Oct. 14, 2004
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Brian Ferentz regained his starting position two weeks ago against Michigan State at right guard, but the depth chart caught up to the change this week, before the Hawkeyes entertain Ohio State Saturday at 2:35 p.m.
Ten months ago, however, the former center and his father, Head Coach Kirk Ferentz, had different goals.
In fact, there was a time when the coach thought his son would never play football again let alone start.
“There was a time when I thought he wouldn’t because we heard all the potential options. That put everything in perspective,” Ferentz said. “We just hoped he would have a healthy leg and be able to play with his kids when he’s 40.”
The younger Ferentz developed a staph infection in his left knee following an injury that forced him out of the final six games of the 2003 season and required surgery. When the infection developed, one of the potential options that doctors discussed with the Ferentz family was amputation.
In addition to that sobering news, Brian’s weight dropped from an offensive-lineman-like 282 pounds to a “wrestling weight” in the low 230s. But that was “the least of [the] problems,” according to the coach.
“The joint could have had the wrong type of staph infection, and it could have been a lot worse,” Kirk Ferentz said. “The key thing was getting the infection under control. That’s where the medical staff was phenomenal.
“First and foremost, he received tremendous medical care.”
Once a real recovery could begin, Brian didn’t face any major setbacks, according to his father. The separating factor, though, was Brian’s desire to play this season.
“We talked about getting him a medical (redshirt) this year, and then having a sixth year, but in his mind he wanted to be back in late September or early October,” said Kirk, who has had to watch his son go through two season-ending injuries, the first in his freshman season before the Hawkeyes defeated Indiana.
Despite the evident optimism, Brian admits he thought his career may have been over as well.
“With every injury there’s that point where you’re not sure,” he said. “That happens to everybody. I think that’s natural. Of course, I was worried about that, but you have to flush it. You take it one day at a time, and that’s all you can do. (The doctors and coaches) will tell you when you can play. That’s oversimplified, but that’s basically what you do.”
Brian started convincing his father he was ready to go after Iowa defeated Iowa State last month. Even after health concerns, missing months of practice and conditioning worried the coach.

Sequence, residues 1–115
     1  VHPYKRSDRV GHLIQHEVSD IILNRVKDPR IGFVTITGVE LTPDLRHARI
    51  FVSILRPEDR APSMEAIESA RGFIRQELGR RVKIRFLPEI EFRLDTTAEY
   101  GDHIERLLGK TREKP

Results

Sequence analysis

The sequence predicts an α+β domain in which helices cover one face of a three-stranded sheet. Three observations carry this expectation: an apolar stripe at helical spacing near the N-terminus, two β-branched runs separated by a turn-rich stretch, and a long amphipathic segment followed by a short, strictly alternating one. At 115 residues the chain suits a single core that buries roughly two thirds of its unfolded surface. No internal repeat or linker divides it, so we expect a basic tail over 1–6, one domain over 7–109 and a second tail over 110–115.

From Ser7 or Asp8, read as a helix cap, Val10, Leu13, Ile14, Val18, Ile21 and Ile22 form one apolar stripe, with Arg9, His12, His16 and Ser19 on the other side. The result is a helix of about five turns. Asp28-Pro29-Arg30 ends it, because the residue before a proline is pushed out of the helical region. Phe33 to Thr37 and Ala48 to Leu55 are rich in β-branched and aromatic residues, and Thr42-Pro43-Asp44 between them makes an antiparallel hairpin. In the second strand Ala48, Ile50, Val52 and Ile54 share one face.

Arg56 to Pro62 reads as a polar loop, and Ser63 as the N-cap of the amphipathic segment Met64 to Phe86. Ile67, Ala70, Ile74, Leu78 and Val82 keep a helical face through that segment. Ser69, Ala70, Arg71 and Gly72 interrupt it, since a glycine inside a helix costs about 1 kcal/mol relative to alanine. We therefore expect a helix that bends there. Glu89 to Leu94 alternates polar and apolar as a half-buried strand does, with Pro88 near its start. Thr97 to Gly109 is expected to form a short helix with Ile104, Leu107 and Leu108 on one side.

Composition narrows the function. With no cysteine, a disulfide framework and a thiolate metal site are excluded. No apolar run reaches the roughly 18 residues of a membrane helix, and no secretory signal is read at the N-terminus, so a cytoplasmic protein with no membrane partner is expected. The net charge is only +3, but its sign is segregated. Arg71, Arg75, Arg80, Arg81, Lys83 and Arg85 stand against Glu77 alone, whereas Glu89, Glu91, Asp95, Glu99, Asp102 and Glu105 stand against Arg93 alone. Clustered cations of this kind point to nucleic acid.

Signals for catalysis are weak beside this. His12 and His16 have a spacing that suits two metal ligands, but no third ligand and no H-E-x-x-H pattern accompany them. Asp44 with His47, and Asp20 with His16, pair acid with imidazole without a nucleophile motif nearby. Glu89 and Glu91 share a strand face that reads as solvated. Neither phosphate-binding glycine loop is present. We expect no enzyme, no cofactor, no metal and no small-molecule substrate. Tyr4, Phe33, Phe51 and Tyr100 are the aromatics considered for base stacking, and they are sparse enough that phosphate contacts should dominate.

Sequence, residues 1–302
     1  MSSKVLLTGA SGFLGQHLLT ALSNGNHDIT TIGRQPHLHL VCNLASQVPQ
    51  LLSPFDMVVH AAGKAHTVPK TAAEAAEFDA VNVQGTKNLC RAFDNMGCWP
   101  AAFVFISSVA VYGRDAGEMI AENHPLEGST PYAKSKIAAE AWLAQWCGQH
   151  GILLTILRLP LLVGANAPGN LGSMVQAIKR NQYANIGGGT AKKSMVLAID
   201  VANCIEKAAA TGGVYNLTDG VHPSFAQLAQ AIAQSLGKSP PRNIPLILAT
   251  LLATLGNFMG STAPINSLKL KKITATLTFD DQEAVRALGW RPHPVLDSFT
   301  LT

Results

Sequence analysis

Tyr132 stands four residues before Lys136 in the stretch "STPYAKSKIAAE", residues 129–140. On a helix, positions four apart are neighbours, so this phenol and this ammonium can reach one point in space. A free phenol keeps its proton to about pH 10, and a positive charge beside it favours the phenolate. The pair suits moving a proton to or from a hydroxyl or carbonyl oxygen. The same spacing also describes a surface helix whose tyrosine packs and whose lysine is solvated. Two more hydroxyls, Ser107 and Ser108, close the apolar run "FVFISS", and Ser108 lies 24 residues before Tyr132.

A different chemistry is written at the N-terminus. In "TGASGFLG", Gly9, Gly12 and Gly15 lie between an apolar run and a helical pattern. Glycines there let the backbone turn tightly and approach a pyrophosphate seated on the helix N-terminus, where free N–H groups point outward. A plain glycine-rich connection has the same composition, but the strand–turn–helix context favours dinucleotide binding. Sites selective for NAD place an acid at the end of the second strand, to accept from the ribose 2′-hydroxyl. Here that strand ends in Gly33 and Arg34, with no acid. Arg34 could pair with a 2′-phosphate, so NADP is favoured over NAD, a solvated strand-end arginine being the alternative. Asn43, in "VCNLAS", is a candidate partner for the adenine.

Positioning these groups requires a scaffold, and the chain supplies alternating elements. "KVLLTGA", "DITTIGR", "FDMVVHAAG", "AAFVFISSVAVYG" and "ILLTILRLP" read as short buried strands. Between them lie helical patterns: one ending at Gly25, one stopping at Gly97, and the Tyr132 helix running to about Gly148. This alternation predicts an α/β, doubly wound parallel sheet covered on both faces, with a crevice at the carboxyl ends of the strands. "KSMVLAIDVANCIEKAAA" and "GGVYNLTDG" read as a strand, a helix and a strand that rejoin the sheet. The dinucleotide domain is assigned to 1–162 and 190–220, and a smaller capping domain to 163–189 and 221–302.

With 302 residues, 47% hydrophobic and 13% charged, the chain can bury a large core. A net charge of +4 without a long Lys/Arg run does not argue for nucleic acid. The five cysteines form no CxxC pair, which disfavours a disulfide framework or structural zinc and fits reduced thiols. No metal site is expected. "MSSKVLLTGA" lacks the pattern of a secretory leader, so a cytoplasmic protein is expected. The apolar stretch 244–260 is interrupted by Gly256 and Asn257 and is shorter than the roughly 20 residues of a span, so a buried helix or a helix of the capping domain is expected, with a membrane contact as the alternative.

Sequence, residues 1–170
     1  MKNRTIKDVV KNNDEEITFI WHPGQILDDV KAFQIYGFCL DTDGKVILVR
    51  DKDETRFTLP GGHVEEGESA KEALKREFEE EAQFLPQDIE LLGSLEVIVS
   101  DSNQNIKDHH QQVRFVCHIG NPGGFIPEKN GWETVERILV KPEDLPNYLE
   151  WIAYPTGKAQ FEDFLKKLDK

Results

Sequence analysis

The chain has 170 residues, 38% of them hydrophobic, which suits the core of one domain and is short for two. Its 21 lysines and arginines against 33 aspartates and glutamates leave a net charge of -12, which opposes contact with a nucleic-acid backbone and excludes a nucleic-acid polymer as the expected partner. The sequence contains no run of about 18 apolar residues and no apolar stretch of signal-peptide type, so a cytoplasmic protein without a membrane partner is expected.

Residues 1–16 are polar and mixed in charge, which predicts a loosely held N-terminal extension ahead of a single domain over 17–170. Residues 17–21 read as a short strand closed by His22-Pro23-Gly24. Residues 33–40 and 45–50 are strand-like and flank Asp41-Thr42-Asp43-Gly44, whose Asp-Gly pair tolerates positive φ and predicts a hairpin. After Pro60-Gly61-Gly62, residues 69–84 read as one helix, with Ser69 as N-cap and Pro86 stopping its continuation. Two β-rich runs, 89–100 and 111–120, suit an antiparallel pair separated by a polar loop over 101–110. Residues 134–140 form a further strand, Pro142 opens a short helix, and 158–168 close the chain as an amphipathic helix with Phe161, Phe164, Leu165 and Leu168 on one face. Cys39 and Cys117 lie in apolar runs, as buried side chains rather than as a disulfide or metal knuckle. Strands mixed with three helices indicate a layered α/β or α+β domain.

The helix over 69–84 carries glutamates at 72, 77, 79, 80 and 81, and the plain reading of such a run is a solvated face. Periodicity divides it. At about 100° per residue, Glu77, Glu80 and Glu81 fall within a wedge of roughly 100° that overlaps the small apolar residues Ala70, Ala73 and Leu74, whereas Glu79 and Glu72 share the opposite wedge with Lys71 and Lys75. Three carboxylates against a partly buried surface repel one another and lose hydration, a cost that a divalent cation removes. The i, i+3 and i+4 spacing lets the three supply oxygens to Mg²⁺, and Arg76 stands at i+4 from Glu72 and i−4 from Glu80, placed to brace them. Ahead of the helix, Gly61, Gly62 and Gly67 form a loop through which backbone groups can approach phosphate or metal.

“He just missed so much time; I know we’re not out of the woods yet,” said Kirk.
Brian used the exact phrase to sum up his sentiments after the homecoming win against MSU. But, he said, he’s starting to feel “pretty comfortable” at guard, a position he hadn’t played since high school.
“It feels good to be back out there,” he said. “I might resist going back to center. But I’m going to do what’s best for the team, just like the other guys are going to do what’s best for the team.”
The transition from center to guard would be easier than going from guard to center, according to the younger Ferentz.
“It’s more transferable. I could care less,” he said. “If they told me to play running back, which I don’t think will happen but could happen, I would play it. I’m just happy to be back.”
“That happens to everybody. I think that’s natural. Of course, I was worried about that, but you have to flush it. You take it one day at a time, and that’s all you can do. (The doctors and coaches) will tell you when you can play. That’s oversimplified, but that’s basically what you do.”
Right guard Brian Ferentz
Brian says each game he plays will have added emotion.
“Absolutely,” he said. “It’s very emotional when you get a chance to come back. I’ve been to the point where I had doctors tell me that I probably wouldn’t do it again. It definitely means more. I wouldn’t say it means more to me than anyone else, but on a personal level yeah. It means more to me than last year, it means everything.”
The coach agrees with his son, and says that added perspective has helped his leadership abilities. Players, especially on the young and inexperienced offensive line, have looked to Brian – and his near two years of experience – for guidance already.
“I think it certainly helped the last time out,” Kirk said. “I’ll give him credit for a lot of things, but one thing is that during the time he’s missed he’s probably seen things in a little different light. That’s the beauty of experience, if you let it work for you.
“Brian led the group last time out, and I think we’re to the point now where we’ll see that with Mike Elgin and Mike Jones and the real young guys. Hopefully they’ll start to feel more comfortable with what they’re doing out on the field. I don’t know if (Brian’s) the leader, but he probably adds to the intangibles just because of his experience,” concluded the coach.
“He’s been through some things where he has a little different perspective on things than he had a year ago.”
Barry Pump, hawkeyesports.com